The wood you use to carve with will differ in its color, grain and hardness. It’s best not to sit down with a random piece of wood, or something too hard when you’re just starting out.
Set yourself up for success with a block of carving wood that holds detail and is relatively easy to carve. We’re going to focus on Basswood, Butternut, White Pine, Black Walnut and Aspen. Not only are these woods recommended for beginners, but they’re also relatively inexpensive and easy to find, depending on where you are.
1. Basswood (Also known as Linden)
Basswood is a soft wood that still holds detail well, so its a perfect for carving if you’re a beginner. It’s light cream colored, with streaks of brown, and has a smooth, even grain. Basswood seldom warps, so its ideal for both large and small carvings, and its cheap and easy to find in hobby shops as well. This is definitely a favorite for figure carving and relief carving.
Basswood carving blocks from Schaaf Tools
2. Butternut (White Walnut)
Butternut (sometimes called white walnut) is a soft wood that holds detail well. The sapwood (living outermost layer) is white, while the heartwood (inner wood) is light brown, with occasional dark brown streaks. It has a medium coarse texture, with a distinct, straight pattern. Butternut is easy to work with hand tools, but be aware it can dull tools quickly, so have your sharpening stones at the ready.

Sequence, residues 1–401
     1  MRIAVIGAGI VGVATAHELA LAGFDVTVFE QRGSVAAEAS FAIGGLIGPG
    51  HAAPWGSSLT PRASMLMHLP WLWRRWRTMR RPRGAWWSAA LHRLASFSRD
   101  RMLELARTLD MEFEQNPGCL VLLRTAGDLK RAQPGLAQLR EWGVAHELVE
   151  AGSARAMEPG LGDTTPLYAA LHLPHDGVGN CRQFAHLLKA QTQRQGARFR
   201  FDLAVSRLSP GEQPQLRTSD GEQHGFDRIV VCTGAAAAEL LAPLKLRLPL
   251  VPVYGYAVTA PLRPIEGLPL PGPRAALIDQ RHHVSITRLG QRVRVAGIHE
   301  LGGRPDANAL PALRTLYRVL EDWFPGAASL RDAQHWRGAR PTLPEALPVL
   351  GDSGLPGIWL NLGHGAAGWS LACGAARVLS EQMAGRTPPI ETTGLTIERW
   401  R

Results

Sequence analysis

Coming Out of The Butternut - by woodcarver Nate Elarton.
Aspen is technically a hardwood, but its a soft hardwood – not quite as soft as Basswood – but still easy to carve. Again, this wood holds detail well, and has a white coloring and nice straight grain. Aspen trees grow all over the place, so their wood is cheap and pretty easy to find. Inexpensive blanks can be found at most hobby shops.
Mark Hanson demonstrates how to carve a Greenman out of Aspen
4. White Pine
White Pine is another good option for those of you just getting into hand carving. Its another soft wood that holds detail well (are you seeing a theme here yet?) with a medium grain and light cream color. White Pine is best for whittling, relief carving, or carving in the round. It is not as well suited for chip carving because it has a soft, straight grained texture. Some people also have trouble with pine cracking as it dries out, so if you’ve finished a carving you like, dry it out slowly, or seal it after a few days.
5. Black Walnut
Black Walnut is popular, but a bit more expensive than the previous choices. And although its a little harder (this wood is quite sturdy and heavy) it is still straight grained and fairly easy to carve. Walnut has a rich, dark brown color with a beautiful natural finish. If you have a chance to experiment with a walnut carving block, give it a try!
Walnut Carving Block from Schaaf Tools
Every carver’s ideal wood is different. And remember, each wood has its own benefits. As you continue carving, try a few different types of wood to get a sense for what you prefer, and what works best for which project.